Combatting Comma Clumsiness
In a May 1 National Review Online story, “The Right Rx,” Republican presidential candidate John McCain asserts that “choice and competition are indispensible [sic] to real reform that brings costs down and broadens access while maintaining quality.”
McCain cites numerous obstacles to an ideal balance of health-care cost, access, and quality. Among them are state-specific insurance regulations and markets that “prevent the best companies, with the best plans and lowest prices, from making their product available to any American who wants it…. We need to break down these barriers to competition, innovation and excellence, with the goal of establishing a national market to make the best practices and lowest prices available to every person in every state.”
The indispensable comma
My goal, as a writer and editor, is clarity. The best writing communicates clearly; it is rhythmic, with a pleasing cadence; and it progresses fluidly from sentence to sentence, paragraph to paragraph, point to point. I don’t want the reader to have to stop and reexamine a phrase, uncertain about its meaning or about how it relates to the context.
If these criteria are met, I don’t grumble about the little things. If I were editing Senator McCain’s text, I might have suggested replacing “making their product available to any American who wants it” with “making their products available to any Americans who want them,” but I wouldn’t have insisted on it.
The final sentence in the second paragraph above, however—the one that begins, “McCain cites numerous obstacles…”—contains a Problematic Parenthetical Phrase that demonstrates the utility of our old friend the Harvard comma.
What’s a parenthetical phrase?
Parenthetical information can be removed from a sentence without making the sentence incomprehensible. Often, parenthetical information is enclosed, logically enough, in parentheses: “I went to a production of Rossini’s Barber of Seville with my family (Granny Hilda and Aunt Suzette), and we left at intermission.”
You can flag parenthetical information in two other ways: with em dashes (the long ones, which take up the same amount of space as a typeset m) and with commas. In all cases—whether you use parentheses, dashes, or commas—the punctuation must set off the parenthetical information by appearing at the beginning and the end.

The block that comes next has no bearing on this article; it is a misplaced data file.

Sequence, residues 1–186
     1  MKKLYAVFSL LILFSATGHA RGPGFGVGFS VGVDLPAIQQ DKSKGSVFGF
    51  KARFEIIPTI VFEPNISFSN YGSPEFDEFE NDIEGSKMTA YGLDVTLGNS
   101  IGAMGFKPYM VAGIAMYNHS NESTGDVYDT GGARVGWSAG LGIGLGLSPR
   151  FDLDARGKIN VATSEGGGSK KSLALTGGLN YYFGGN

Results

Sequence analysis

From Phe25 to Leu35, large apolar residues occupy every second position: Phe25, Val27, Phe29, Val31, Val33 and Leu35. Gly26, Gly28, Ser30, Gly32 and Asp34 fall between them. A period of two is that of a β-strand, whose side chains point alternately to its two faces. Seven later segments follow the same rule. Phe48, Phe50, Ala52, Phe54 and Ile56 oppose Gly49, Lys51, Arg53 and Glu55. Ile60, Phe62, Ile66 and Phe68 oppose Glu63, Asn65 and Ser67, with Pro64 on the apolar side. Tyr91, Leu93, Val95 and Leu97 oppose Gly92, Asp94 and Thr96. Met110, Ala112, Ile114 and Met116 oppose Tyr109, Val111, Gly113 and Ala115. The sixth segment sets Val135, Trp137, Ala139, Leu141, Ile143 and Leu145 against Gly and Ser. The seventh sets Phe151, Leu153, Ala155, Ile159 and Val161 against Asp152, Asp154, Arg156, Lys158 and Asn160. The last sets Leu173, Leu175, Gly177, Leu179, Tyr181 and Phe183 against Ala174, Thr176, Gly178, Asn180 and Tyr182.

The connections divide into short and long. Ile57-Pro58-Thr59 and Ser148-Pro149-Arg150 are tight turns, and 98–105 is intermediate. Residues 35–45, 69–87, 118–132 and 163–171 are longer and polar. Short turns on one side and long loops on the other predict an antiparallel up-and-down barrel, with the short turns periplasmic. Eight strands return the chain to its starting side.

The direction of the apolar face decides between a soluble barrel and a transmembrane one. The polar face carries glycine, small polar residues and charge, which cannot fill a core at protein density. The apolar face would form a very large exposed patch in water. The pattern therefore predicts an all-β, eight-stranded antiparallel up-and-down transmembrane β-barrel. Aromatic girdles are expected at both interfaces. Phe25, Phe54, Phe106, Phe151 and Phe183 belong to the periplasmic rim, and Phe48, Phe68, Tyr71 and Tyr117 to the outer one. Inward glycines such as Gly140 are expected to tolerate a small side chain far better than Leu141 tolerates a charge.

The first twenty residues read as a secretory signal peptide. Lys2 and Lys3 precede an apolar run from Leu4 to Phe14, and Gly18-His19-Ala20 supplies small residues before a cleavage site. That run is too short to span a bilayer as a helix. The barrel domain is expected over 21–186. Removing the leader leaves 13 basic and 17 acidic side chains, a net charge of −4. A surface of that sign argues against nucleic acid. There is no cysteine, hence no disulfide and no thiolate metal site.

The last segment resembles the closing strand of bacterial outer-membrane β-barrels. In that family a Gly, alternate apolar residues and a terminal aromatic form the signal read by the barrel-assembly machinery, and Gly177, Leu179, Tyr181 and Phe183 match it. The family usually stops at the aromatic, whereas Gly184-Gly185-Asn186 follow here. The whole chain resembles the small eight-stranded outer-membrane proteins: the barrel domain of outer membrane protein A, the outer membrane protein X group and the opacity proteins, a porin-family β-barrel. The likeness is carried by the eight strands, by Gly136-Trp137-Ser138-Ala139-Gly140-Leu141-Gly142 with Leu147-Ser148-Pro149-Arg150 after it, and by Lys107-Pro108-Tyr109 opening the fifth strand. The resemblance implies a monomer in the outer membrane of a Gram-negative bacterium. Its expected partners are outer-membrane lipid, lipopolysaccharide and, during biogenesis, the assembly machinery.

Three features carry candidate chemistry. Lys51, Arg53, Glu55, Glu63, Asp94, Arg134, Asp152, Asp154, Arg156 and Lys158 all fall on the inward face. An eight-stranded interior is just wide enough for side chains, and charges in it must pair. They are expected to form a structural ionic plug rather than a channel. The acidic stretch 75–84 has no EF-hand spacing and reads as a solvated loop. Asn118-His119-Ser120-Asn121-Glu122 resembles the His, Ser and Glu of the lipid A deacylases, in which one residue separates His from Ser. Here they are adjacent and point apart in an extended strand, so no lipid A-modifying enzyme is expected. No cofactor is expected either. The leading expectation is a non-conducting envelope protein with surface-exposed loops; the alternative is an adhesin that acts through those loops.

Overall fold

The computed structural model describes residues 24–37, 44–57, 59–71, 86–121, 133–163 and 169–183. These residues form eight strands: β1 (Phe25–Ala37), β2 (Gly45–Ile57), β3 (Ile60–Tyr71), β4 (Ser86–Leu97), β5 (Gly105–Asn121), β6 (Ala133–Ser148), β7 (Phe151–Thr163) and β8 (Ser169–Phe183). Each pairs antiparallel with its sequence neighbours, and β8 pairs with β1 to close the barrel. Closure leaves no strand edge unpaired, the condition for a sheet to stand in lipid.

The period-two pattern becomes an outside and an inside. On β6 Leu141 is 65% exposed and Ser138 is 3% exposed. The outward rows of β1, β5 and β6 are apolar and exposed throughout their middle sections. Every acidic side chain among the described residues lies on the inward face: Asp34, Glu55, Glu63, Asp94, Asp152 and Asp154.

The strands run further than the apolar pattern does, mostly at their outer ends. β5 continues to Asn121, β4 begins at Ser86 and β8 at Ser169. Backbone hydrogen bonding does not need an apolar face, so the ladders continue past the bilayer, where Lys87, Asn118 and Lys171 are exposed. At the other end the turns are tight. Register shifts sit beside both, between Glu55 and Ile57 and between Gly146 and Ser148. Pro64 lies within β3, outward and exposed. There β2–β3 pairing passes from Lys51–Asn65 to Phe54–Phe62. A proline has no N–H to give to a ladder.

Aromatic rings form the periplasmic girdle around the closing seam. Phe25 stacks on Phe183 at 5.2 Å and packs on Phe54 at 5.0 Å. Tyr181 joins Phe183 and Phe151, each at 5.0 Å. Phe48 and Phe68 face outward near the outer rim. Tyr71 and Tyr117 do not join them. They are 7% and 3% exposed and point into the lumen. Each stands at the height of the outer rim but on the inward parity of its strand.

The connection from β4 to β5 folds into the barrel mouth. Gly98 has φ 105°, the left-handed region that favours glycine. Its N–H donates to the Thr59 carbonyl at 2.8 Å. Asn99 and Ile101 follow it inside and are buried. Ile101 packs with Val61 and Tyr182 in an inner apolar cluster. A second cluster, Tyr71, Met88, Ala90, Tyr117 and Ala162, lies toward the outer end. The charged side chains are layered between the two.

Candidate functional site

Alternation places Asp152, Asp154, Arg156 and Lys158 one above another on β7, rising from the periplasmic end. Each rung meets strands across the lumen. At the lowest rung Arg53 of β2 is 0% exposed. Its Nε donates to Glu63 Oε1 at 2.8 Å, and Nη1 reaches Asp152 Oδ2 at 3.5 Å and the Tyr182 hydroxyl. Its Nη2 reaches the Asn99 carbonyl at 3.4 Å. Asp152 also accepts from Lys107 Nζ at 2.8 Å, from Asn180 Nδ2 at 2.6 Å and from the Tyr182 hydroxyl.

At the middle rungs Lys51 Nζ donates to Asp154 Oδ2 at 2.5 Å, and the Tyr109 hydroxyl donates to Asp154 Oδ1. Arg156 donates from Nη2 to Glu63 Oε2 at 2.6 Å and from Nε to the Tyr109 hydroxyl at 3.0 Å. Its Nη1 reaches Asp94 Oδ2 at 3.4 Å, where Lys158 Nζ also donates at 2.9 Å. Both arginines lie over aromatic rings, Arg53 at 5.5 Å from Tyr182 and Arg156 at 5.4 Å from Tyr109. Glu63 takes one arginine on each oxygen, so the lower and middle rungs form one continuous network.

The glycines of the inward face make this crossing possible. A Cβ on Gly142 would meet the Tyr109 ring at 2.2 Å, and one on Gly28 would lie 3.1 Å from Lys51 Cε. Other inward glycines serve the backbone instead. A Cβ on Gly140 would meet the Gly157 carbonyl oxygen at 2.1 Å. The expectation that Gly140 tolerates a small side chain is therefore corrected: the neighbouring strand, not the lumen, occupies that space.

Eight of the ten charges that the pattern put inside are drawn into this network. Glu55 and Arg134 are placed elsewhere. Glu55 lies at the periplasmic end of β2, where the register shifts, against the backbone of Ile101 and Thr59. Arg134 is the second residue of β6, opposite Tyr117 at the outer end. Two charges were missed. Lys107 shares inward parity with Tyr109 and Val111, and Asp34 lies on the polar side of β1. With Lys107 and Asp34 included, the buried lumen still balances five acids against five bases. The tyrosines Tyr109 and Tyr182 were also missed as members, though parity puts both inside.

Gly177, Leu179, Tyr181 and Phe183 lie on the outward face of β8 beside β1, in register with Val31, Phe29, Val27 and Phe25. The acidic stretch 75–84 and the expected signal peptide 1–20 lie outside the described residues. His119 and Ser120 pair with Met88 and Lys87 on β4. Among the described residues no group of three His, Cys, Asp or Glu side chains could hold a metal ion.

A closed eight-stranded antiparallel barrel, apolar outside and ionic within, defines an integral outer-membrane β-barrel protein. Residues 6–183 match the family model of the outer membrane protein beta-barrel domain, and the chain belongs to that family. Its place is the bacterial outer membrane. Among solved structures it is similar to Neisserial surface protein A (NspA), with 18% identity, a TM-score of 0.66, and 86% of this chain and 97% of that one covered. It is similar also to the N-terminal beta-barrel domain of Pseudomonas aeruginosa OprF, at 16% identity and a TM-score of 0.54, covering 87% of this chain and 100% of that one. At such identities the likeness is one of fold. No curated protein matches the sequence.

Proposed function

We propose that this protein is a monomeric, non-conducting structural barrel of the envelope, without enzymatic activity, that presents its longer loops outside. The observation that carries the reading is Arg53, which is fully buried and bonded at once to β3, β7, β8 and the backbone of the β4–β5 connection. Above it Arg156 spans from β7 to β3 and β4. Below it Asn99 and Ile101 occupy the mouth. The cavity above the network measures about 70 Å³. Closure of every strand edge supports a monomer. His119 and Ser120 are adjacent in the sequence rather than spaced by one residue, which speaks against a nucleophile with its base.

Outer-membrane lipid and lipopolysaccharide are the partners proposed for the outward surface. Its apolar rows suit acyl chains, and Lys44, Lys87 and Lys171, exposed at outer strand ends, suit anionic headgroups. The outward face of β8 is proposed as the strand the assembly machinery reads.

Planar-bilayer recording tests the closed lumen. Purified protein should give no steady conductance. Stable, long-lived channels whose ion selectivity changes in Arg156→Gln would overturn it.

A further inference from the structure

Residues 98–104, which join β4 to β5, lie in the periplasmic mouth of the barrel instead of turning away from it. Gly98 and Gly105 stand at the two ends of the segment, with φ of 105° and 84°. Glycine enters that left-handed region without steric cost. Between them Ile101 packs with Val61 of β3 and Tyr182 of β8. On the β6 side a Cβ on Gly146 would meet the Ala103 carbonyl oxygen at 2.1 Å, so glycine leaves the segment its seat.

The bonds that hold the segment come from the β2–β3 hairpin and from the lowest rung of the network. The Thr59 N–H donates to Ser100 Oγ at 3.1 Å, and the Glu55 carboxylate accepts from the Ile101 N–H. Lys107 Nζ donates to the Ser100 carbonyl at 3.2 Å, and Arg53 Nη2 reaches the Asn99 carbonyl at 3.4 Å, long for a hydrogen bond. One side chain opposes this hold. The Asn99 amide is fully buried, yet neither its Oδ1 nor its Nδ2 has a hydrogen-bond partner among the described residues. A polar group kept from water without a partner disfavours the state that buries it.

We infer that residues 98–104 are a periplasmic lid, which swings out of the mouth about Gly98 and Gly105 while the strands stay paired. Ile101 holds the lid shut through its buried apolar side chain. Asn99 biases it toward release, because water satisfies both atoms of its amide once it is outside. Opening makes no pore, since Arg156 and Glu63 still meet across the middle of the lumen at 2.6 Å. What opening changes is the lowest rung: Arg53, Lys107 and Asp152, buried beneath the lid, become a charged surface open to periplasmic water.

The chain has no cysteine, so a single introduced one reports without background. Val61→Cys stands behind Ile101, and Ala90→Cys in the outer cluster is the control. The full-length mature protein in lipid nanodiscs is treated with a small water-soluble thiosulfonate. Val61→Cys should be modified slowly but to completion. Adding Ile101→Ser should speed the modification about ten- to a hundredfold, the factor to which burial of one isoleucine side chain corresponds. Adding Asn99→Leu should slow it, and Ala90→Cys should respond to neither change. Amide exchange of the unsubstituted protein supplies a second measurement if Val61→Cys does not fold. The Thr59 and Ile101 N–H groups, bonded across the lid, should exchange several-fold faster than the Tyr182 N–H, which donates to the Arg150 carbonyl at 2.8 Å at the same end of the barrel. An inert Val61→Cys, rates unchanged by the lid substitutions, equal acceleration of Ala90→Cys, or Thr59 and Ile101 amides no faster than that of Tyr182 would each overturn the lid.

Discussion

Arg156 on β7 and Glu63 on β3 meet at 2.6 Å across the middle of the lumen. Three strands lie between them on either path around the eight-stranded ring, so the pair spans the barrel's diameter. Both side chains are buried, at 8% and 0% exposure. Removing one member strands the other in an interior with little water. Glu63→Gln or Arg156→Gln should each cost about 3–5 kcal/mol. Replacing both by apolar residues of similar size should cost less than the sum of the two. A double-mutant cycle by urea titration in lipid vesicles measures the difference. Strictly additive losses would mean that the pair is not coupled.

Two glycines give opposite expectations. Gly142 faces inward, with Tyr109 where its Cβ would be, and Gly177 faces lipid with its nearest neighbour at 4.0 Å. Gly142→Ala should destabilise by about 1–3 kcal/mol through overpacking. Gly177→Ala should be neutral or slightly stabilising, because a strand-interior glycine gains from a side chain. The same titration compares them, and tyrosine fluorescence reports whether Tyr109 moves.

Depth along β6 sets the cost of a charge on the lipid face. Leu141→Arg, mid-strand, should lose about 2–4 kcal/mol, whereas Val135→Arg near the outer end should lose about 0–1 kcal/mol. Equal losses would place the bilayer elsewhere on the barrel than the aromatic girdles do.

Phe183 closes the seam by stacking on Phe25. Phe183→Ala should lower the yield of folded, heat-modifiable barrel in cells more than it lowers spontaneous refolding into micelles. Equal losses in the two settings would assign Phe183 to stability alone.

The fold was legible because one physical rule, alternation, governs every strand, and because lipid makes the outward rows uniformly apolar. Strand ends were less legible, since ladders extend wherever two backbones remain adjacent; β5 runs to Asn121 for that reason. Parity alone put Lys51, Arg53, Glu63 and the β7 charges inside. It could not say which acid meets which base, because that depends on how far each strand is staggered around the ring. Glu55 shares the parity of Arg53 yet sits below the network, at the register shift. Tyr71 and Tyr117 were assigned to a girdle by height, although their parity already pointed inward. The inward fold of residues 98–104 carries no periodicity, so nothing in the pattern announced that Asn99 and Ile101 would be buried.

So the following are, strictly speaking, correct:
1. I went to a movie with my family (Hilda and Suzette), and we left after ten minutes.
2. I went to a movie with my family—Hilda and Suzette—and we left after ten minutes.
3. I went to a movie with my family, Hilda and Suzette, and we left after ten minutes.
The third example is problematic because fewer and fewer writers typically use the so-called Harvard comma—the comma that precedes the last item in a series. So example number 3 could mean one of two things: that the writer was accompanied by his family plus nonfamily members Hilda and Suzette, or that the writer was accompanied by his family, which consisted of Hilda and Suzette.
Similarly, Senator McCain’s imperative about breaking down barriers could be understood in two very different ways: (1) that the senator wants to “break down… barriers to competition” and that these barriers are, parenthetically, “innovation and excellence”; or (2) that he wants to “break down… barriers to competition,” barriers to innovation, and barriers to excellence.
The confusion, such as it is, wouldn’t arise if the senator had inserted, or an editor had not deleted, that small and sadly undervalued Harvard comma. The sentence “We need to break down these barriers to competition, innovation, and excellence…” —note the Harvard comma after innovation—leaves no doubt that competition, innovation, and excellence are fine things, according to Senator McCain, and that the barriers have got to go.
Of course, John McCain graduated from the U.S. Naval Academy, where the esoteric mysteries of punctuation were, at a guess, of minor interest to the future naval aviator. And that, I suppose, is just as well.
Find answers to your writing questions in Write Better Right Now, by Mary Campbell.
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